Waylon Jennings and Steve Cash: They Laid Waste to Our Land (1978)

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Waylon Jennings and Steve Cash: They Laid Waste to Our Land (1978)

Melody Maker was blunt about the country music concept album White Mansions on its release in '78: "A dilemma -- on the one hand we have some exceptionally good music; on the other, a project of doubtful worth".

Because White Mansions -- which featured Jessi Colter and her husband Waylon Jennings, John Dillon and Steve Cash with stellar help from Eric Clapton, Bernie Leadon, Henry Spinetti and others -- invited listeners to be sympathetic to Confederacy and its culture which rode on the back of slavery the MM reviewer asked "What next; a rock musical about Auschwitz told from the point of view of the guards?"

It's a fair point and certainly the slaves are invisible and all but inaudible on the album. But there was more to it than that: it has a narrative arc from the pre-Civil War period into massacres that followed on the battlefields and on to the post-war period where one character keeps his guns and (in the manner of the James' brothers) becomes an outlaw.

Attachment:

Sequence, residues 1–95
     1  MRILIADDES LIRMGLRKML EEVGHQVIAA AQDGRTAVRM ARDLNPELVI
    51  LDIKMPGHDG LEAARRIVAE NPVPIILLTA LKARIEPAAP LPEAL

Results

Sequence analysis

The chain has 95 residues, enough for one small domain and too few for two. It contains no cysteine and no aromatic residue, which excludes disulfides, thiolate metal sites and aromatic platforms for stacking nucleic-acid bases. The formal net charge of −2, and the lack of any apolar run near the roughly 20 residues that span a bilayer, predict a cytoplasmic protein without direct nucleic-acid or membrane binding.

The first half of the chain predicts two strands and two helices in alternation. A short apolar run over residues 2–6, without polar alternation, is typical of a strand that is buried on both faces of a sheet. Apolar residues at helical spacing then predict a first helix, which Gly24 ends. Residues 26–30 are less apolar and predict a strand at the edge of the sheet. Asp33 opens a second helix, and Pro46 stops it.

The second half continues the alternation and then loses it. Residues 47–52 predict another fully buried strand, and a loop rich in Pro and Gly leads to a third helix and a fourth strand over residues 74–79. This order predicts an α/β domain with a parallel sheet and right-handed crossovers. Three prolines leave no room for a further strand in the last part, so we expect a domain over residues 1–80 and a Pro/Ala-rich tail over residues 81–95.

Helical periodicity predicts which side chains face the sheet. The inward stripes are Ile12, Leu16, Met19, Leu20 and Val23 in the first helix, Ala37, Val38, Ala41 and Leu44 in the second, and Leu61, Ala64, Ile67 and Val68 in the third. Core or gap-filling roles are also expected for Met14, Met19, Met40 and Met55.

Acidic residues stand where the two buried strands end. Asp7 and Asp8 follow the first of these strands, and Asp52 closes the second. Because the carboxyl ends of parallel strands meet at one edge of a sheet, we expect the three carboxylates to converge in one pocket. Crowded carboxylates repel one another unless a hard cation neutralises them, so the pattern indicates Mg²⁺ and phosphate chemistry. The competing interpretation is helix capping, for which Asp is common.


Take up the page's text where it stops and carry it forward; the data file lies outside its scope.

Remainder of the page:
One character -- Cash as the white trash Caleb Stone -- is jarring and a cliche, but elsewhere the story is played out in personal stories rather than painting on the big screen. It is a concept album of detail rather than Les Miserables in the saddle.

Written by Paul Kennerley from Liverpool who was mainly booking pub rock bands before this, the story is not only told on record but in the handsome booklet with period photos and -- like Bernie Taupin and Elton John on Tumbleweed Connection -- he had a sympathetic feel for the South.

The album was also produced by another Englishman, Glyn Johns (who had recorded the first two Eagles albums, hence Eagle Leadon here) and recorded in London and LA.

Even the MM reviewer conceded "the songs are outstanding" and the album was in line with the "outlaw" style rather than MOR country.

So it had a lot going for it on any level, except maybe the political.

But when Jennings closes with the moving Dixie Now You're Done you do get a real sense of a culture passing forever, wiped out by hubris as much as by the battlefield defeats and the murderous rampage of Sherman mentioned in this sample track.

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